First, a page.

A New Dark Ages approaches as literacy declines

The New Dark Ages

If ignorance is bliss, the Western world should be ecstatic. Even as colleges churn out degrees and collect fees, and technology makes information instantly accessible, the basic level of literacy, as measured by such things as reading books and acquainting oneself with the past, is in a precipitous decline. Rather than building a vital world with our technological culture, we are repeating the memes of feudal times, driven by illiteracy, bias and a rejection of the West’s past.

Over half of American adults have a reading level below the equivalent of sixth-grade level (11- to 12-year-olds), and book reading outside of school or work among the young in particular has declined markedly. A survey conducted in 2014 found slightly over half of American children saying they liked to read books ‘for fun’, down from 60 per cent in 2010. This is not just an American trend. A landmark study by University College London tracked 11,000 children born in 2000 up to age 14 and found that only one in 10 ever did any reading in their spare time as teenagers. The Covid-related lockdowns, notes one recent UN study, raised the number of children experiencing reading difficulties from 460million to 584million.

Even before the pandemic, people’s cognitive skills were weakening. Many employers in the US report difficulty finding workers capable of having a serious conversation. Over 60 per cent of applicants are found to be lacking in basic social skills. Today’s teens’ experiences are increasingly limited to what they access on their phones and social media. Rather than opening minds, social media seem to be creating a generation with little ability to communicate in person.

Sites like Facebook and Instagram have been linked to reduced attention spans: research indicates that the average attention span has fallen 50 per cent since 2000, mainly due to social-media use. This loss of literacy comes at a time when much of our education and literary establishment has embraced censorship, while on the right there’s an increasingly Pavlovian embrace of book-banning. Even in defending the common culture, the right forgets the necessity of diverse opinions in a democracy.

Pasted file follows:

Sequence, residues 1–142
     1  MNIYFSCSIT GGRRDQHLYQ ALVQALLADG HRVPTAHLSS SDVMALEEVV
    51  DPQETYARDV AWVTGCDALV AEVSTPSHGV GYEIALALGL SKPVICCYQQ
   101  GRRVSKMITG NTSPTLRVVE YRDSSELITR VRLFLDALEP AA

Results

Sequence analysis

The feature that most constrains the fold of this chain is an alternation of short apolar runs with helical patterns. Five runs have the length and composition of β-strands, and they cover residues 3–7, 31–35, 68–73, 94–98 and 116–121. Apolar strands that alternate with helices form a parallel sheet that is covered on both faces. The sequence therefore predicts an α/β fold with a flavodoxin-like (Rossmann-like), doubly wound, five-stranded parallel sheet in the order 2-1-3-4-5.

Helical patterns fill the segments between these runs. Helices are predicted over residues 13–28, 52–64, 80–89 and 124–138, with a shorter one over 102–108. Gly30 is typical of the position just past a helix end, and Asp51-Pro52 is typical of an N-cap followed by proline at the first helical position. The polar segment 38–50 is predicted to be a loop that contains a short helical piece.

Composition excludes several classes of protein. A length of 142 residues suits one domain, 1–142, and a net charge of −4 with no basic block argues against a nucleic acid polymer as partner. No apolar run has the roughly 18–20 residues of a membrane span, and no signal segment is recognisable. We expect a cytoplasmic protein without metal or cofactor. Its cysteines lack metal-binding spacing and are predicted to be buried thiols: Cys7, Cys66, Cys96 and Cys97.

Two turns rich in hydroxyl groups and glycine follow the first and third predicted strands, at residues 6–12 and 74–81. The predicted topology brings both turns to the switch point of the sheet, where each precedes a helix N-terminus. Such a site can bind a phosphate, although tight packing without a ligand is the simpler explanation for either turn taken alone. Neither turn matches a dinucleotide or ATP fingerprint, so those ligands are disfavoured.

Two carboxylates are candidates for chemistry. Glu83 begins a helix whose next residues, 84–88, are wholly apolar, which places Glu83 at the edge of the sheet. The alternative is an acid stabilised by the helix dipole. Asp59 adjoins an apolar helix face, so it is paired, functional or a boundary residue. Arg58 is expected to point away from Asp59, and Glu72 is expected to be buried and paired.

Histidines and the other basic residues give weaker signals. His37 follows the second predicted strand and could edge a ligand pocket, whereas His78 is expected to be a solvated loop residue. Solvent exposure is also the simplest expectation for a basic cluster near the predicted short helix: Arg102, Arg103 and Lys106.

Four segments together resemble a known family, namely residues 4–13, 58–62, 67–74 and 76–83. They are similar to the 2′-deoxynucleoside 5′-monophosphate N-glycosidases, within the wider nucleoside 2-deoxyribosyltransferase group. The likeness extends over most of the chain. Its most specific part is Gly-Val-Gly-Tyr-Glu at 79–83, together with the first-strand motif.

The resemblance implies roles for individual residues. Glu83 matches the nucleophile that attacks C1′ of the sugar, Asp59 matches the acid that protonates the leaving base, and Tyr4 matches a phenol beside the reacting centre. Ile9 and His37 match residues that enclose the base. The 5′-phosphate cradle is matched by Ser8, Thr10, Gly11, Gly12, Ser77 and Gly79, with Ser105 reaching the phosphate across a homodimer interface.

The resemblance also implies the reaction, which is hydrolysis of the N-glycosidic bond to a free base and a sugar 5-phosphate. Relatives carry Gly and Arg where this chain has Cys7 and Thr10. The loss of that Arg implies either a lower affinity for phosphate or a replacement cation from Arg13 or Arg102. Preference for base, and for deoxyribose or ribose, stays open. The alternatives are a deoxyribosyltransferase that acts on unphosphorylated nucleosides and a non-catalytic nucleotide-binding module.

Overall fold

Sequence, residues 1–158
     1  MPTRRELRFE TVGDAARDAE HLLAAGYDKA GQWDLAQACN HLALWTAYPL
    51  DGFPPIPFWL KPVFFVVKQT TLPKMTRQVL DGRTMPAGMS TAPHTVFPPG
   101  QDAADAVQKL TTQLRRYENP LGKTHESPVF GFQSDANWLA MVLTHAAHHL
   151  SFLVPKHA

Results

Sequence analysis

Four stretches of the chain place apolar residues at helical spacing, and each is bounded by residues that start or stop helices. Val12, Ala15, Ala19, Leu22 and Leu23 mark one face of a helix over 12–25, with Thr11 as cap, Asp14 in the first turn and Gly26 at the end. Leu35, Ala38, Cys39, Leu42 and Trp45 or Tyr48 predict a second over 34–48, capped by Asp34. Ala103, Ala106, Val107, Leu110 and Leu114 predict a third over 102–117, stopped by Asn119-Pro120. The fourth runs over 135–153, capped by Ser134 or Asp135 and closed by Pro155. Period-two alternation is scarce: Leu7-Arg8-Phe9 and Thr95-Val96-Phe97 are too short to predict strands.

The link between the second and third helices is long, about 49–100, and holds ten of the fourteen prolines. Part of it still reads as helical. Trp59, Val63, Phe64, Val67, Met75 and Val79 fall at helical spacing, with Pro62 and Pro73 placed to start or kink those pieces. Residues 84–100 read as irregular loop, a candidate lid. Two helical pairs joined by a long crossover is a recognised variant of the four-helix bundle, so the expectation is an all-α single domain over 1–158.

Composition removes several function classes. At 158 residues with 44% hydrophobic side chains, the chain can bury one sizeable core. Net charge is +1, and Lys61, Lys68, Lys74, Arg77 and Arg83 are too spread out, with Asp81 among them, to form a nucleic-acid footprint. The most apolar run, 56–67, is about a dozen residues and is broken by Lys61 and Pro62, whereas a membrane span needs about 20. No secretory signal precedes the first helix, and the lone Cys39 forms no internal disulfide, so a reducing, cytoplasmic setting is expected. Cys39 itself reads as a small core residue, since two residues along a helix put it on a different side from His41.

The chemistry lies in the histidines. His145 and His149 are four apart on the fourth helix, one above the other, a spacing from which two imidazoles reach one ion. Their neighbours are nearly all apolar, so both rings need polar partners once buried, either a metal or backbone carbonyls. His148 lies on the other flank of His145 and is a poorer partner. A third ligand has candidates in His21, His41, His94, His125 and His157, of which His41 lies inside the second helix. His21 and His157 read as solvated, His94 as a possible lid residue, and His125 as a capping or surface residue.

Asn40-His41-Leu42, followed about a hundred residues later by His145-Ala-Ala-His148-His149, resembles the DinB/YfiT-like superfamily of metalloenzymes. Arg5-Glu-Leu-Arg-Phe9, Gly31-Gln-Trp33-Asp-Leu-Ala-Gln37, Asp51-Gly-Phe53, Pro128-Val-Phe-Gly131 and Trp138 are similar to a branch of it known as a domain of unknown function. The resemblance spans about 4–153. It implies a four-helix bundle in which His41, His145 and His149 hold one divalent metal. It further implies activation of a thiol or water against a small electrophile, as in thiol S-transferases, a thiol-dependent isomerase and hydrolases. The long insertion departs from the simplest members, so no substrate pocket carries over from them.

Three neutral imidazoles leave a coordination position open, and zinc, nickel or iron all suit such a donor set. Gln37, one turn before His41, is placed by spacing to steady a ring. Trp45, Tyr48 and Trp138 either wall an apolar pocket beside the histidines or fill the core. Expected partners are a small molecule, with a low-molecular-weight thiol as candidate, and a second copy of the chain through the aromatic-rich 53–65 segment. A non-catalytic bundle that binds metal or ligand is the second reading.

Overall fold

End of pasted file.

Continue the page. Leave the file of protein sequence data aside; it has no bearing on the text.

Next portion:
Right now, the most influential advocates for banning classical literature from curricula, or removing books non-compliant on issues like gender, are not disgruntled conservatives. No, the assault on studying ‘great books’ and Western culture largely comes from progressive professors with PhDs, and the ever-expanding university bureaucracies and their recent graduates. The embrace of these cultural trends, as former Mother Jones writer Kevin Drum suggests, has emerged as Democrats have moved far more to the left than Republicans have gone further to the right. This is sometimes enforced with mandatory indoctrination sessions and even requirements to sign the woke version of McCarthy-era ‘loyalty oaths’.

In the new schema, the past is seen as racist, ugly and simply too complex for young minds. At many US colleges, books written before 1990 are considered ‘inaccessible’ to students. University policies increasingly marginalise Homer, Confucius, Shakespeare, Milton, Tocqueville or the Founding Fathers. Some books are scorned for having been written by dead white males, who as a group are linked to such horrors as slavery, the subjugation of women and mass poverty. America’s cultural arbiters, such as the National Archives, now consider it necessary to flag up the nation’s founding documents for ‘harmful language’. Ultimately, many of those things that drove Western ascendancy since 1500 – reason, work ethic, family and even science – are being cashiered to create some kind of woke brave new world. And our society seems all the poorer for the loss.

Read the rest of this piece at Spiked.

Joel Kotkin is the author of The Coming of Neo-Feudalism: A Warning to the Global Middle Class. He is the Roger Hobbs Presidential Fellow in Urban Futures at Chapman University and Executive Director for Urban Reform Institute. Learn more at joelkotkin.com and follow him on Twitter @joelkotkin.

Photo: Alan Levine Flickr under Public Domain.